Divers patched a hole in the motor vessel Pac Alkaid preventing further spillage of oil.

PakaidDivers patched a hole in the motor vessel Pac Alkaid. Nov. 1, preventing further spillage of oil into the Gulf of Mexico and enabling the freight ship to successfully transit up the Mississippi River to a shipyard in New Orleans.

The initial discharge of an estimated 12,000 gallons of bunker oil was caused by a hole in the Pac Alkaid’s hull which was approximately five centimeters in diameter and five feet below the waterline. At 2 a.m. Oct. 30 while the Pac Alkaid was anchored five miles southeast of Southwest Pass, the vessel’s captain notified the Coast Guard that the ship was leaking oil into the Gulf of Mexico.

O’Brien’s Response Management hired divers who patched the hole on Sunday afternoon. The Pac Alkaid then transited up the Mississippi River and arrived at the Perry Street Wharf in New Orleans at 9:30 p.m. Nov. 1, where it is scheduled to undergo permanent repairs. During its transit, the Pac Alkaid was escorted by the NRC Energy, a response vessel owned by the National Response Corporation, which is 100 feet in length and capable of recovering oil from the water.

The Coast Guard and O’Brien’s Response Management, a private response organization hired by the owners of the Pac Alkaid, formed a Unified Command and worked together to manage the spill response. During the response, the Coast Guard and O’Brien’s group conducted a total of seven overflights with helicopters and airplanes from Friday through Sunday to assess the spill . O’Brien’s Response Management hired the response vessel Louisiana Responder, a 220-ft vessel owned by the Marine Spill Recovery Corporation, to clean up the spill. The Louisiana Responder’s efforts to recover oil were prevented by three-to-five foot waves and a lack of concentrated oil.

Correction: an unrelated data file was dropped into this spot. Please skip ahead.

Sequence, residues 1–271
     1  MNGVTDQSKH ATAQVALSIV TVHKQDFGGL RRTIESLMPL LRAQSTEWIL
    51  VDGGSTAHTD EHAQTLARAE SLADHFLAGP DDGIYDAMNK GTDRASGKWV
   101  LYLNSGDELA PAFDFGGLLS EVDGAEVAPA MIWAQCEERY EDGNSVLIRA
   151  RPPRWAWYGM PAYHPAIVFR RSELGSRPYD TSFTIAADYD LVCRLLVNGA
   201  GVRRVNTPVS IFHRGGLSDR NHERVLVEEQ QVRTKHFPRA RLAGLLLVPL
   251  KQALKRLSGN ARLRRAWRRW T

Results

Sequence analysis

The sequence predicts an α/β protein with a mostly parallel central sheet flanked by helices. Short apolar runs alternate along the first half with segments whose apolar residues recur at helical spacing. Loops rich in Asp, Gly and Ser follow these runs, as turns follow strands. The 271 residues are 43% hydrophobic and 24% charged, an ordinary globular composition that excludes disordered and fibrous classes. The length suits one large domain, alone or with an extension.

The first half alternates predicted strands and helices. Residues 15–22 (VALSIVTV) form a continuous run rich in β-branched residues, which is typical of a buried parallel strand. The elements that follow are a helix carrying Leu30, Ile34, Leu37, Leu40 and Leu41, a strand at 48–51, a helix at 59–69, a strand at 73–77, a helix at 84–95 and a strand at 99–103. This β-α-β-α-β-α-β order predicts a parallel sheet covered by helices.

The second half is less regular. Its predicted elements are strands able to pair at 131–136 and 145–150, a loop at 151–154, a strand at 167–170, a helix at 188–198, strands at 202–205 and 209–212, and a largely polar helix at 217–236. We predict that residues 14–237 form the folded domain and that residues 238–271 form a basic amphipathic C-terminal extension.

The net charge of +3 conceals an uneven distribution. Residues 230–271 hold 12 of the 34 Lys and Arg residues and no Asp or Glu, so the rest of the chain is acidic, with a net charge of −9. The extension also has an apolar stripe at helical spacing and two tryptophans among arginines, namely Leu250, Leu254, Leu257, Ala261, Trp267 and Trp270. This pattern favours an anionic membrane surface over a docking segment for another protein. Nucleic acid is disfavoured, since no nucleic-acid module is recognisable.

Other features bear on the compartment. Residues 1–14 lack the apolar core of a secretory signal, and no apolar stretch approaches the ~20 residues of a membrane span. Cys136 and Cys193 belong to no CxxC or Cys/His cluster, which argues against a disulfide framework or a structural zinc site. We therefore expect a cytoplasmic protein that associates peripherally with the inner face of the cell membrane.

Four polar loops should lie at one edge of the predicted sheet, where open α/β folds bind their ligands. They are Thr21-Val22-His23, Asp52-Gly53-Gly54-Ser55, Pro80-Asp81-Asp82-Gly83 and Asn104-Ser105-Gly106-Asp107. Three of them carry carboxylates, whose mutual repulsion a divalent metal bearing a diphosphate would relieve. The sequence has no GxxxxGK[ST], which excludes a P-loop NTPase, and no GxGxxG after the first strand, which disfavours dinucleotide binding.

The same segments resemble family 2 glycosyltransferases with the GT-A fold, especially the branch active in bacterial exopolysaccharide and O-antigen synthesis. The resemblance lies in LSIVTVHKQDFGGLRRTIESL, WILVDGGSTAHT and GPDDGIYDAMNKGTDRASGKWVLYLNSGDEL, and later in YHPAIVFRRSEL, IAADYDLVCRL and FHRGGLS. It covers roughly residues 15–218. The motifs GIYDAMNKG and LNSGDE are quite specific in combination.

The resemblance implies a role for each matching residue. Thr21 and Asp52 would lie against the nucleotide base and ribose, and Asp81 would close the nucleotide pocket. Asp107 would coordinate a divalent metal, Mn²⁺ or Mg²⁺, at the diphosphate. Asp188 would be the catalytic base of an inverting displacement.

On the morning of Oct. 30, winds and currents pushed the oil to the northwest, which caused a sheen to wash up against the rocks of the Southwest Pass jetty. Winds and currents pushed the oil towards the southeast, away from the coast on Saturday and Sunday. There have been no reports that the spill has impacted the shoreline since Oct. 30.

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